Puzzles And Games

Entry by: Seaside Scribbler

24th March 2023

Finding the scrap of paper was the missing piece of the puzzle. Written on years earlier, when Pat was still alive, and I sat with her whilst we dug into my history, it was like a message from the afterlife. I stared at her handwriting, remembering birthday and Christmas cards, letters to me when I was a student, postcards from her travels. Then I switched on my computer, and used the information to fill in a very large gap in my life.


It began as a bit of a laugh, a game. For Christmas I'd bought us both Ancestry DNA tests, out of curiosity and a sense of fun: Who was the most Scottish? Who was the most English? Where did our traits come from?

The results took weeks to come back but when they did they confirmed what I'd already guessed - I was a mongrel, a mish-mash of seven different areas. And the lands that had called to me in the past were indeed a part of my story. There was a reason I felt a connection to Scottish hills and Welsh valleys and Yorkshire accents. My husband's results were just as interesting.

I clicked on 'DNA matches' and up came a list of names and possible relationships. Many were 5th or 6th cousins; 7th or 8th cousins. That was to be expected - go back far enough and we are all linked, after all, but to see my shared DNA in over 10,000 other lives was powerful. I loved connecting people - one of my biggest joys is introducing two of my best friends and watching them get on well. I love meeting new people and often discover coincidences that join us.

However, games aside, one of my reasons for getting the DNA testing done was to fill a great big hole in my life. My father and I are estranged but before we stopped being in touch I'd learned there was no family (according to him) on his side. There was an aunt long ago (I thought) but my father is an only child, there are no cousins and a great big space where family should have been. My father showed no interest when I asked questions and I'd accepted I may never know where he/I came from.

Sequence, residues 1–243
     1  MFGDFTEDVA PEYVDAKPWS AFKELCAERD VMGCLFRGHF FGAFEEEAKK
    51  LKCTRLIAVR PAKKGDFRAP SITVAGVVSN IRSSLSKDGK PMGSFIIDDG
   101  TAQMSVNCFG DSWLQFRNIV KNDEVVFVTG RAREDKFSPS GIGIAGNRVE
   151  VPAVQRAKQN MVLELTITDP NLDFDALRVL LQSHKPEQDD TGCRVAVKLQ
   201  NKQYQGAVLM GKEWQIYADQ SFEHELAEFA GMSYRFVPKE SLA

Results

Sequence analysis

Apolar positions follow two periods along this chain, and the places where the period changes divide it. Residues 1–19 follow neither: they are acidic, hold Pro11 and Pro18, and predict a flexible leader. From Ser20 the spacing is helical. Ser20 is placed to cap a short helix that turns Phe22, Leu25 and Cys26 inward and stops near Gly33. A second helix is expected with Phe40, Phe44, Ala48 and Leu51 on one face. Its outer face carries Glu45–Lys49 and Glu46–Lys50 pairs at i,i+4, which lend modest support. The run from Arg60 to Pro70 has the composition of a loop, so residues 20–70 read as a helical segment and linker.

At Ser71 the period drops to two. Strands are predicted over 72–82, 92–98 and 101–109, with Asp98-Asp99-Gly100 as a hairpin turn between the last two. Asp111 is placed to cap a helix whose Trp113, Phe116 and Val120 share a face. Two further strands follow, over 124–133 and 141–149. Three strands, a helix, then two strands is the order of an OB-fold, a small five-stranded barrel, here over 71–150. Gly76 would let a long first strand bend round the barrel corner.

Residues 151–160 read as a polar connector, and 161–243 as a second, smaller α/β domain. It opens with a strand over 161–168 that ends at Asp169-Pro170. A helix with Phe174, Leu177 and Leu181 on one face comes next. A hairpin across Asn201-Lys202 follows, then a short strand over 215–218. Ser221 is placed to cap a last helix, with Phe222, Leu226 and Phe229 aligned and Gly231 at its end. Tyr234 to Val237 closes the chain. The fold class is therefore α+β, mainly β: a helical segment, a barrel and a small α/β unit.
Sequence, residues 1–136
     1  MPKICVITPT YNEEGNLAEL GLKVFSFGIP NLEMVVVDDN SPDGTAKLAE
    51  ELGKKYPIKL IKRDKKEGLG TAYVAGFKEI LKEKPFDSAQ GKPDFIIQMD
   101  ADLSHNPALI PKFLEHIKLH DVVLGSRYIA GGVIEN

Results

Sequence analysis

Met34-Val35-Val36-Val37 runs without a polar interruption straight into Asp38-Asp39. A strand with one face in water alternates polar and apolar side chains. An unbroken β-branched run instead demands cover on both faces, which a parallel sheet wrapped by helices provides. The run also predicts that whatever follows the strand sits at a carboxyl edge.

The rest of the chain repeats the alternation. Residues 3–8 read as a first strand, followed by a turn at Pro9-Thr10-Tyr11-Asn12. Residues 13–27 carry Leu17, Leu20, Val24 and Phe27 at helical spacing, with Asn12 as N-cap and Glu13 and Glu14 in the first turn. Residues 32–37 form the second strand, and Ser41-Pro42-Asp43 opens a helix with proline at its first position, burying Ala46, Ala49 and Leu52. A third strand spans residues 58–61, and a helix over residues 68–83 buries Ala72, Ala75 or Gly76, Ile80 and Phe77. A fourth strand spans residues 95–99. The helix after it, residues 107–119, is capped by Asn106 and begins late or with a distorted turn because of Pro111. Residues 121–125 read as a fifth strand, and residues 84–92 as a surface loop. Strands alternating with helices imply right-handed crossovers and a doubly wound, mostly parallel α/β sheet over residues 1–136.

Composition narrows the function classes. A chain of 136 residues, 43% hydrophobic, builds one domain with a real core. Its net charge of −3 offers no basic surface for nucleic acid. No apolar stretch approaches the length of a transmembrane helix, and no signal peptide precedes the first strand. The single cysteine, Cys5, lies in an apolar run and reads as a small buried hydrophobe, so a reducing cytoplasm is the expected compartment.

So when my own surname popped up in my list of closer DNA matches, I felt a surge of excitement. Could be a coincidence but my surname isn't very common. The link was 2nd/3rd cousin. I messaged her immediately and she messaged right back. I knew straight away here was someone like me: someone open and friendly, keen to make connections, keen to know more. We messaged back and forth on Ancestry, moved to whatsapp and after a few days we video chatted. The click was there; we just got on and it was as if we'd known each other forever! It turned out our birthdays were a day apart although she's much younger. We went digging and found the connection - my great-grandfather's half brother was her great grandfather. It sounds tenuous, but it made our dads second cousins and when we compared photos there is a resemblance - for me it was a missing piece of my puzzle. We now message every few days and video chat every week or so, and are digging into our shared pasts together. Later this year we're going to meet in person (she is as far away from me as it's possible to be in the British Isles!)

Through our conversations I discovered where some of my health issues came from, that she has my dad's distinct earlobes, that there are certain traits that run down the families. What started as a bit of a game turned into an event that made me feel complete. I'd grown up knowing everyone on my mum's side of the family; now I had people to meet on my dad's.